The Chelsea fans who racially abused a man in Paris are in court facing long-term stadium and travel bans

Viral events attract huge attention before the world moves on, but the consequences of the racist taunting by Chelsea fans earlier this year are still being felt, even if the publicity level is lower.

You’ll remember that a small group of fans appeared to push a black man off a Paris subway train after Chelsea’s Champions League match against Paris Saint-Germain in February, chanting “we’re racist and that’s the way we like it”. Footage went viral and the victim, Souleymane S., said it was “a shock that I can’t get over,” he doesn’t take the Metro any more, he’s being treated for depression and that French Chelsea fans in his neighborhood jeer at him.

On Wednesday, three of the men were in a London court where British police were seeking to ban them from attending domestic soccer matches and to stop them from traveling abroad during major international fixtures. Another man had already accepted a five-year ban that will also see him handing his passport to police at certain times.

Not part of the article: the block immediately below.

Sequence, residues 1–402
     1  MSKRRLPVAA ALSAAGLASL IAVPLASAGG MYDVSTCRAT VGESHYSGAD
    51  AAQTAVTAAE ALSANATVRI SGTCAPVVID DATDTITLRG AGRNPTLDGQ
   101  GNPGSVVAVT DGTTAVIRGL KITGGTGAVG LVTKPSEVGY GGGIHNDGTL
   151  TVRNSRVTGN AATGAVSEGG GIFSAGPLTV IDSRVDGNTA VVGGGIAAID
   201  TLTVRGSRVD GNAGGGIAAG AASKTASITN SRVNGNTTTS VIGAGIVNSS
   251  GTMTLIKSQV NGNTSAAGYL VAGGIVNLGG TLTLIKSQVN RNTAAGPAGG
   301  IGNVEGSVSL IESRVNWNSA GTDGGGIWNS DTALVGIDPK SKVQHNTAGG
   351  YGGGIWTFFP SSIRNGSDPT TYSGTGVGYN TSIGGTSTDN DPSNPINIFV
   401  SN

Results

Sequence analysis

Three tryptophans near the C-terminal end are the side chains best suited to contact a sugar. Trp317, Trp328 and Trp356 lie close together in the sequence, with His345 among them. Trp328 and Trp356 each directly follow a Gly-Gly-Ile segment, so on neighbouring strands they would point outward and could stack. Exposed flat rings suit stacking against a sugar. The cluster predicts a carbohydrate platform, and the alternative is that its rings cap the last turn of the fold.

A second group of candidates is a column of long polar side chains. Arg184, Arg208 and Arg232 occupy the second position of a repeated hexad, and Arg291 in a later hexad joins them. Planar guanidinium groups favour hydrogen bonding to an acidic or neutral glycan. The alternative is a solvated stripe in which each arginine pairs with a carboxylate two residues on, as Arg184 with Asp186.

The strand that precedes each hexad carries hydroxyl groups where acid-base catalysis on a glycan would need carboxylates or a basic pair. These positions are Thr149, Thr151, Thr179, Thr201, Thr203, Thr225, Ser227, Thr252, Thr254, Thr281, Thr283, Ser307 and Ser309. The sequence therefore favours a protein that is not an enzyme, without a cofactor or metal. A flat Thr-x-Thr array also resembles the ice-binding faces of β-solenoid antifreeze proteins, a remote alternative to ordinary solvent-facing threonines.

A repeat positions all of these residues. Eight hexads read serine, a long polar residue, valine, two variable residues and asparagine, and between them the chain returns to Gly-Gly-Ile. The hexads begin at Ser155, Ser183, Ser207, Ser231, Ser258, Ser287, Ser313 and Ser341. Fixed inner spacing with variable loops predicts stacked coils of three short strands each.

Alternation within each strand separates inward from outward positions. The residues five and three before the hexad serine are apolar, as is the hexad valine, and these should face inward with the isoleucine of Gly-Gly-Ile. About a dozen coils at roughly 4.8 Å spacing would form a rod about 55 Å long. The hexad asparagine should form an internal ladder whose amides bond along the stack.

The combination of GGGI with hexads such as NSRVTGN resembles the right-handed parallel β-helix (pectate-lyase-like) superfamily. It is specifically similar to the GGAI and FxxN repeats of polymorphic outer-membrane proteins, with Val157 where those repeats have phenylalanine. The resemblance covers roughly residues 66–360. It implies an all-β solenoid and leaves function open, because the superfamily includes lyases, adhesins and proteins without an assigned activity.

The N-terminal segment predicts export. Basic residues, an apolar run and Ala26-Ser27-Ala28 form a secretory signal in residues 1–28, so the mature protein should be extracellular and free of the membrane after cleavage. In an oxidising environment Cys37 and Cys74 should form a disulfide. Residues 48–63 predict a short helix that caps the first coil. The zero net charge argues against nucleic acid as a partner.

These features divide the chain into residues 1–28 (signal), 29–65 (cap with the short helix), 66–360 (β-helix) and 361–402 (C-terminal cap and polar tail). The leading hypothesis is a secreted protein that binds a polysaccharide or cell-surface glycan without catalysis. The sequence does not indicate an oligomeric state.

Highlights (lowlights) from the ongoing court case, per the Mirror’s live-blog:

  • Around 60 Chelsea fans were apparently drinking at a pub near the main rail station on the day, many drunk and using Class A drugs (the classification for the likes of cocaine, heroin, meth and ecstasy).
  • One of the accused pushed a local man, who tried to pick up a flare thrown by a Chelsea fan.
  • Chelsea fans headed for the Metro station chanted “Where were you in World War Two?”
  • Before a game with PSG in the previous season, there was an altercation between a restaurant owner and Chelsea fans that saw the owner spray them with tear gas.
  • Fans were heard singing “John Terry is a racist and that’s the way we like it.”

All in all, it’s a sobering reminder of the sick underbelly — a hangover from the hooligan era of the ‘70s and ‘80s — that lingers beneath the modern, glossy, moneyed surface of the English Premier League.

And you have to wonder: How many of these types of incidents happen that aren’t captured on camera?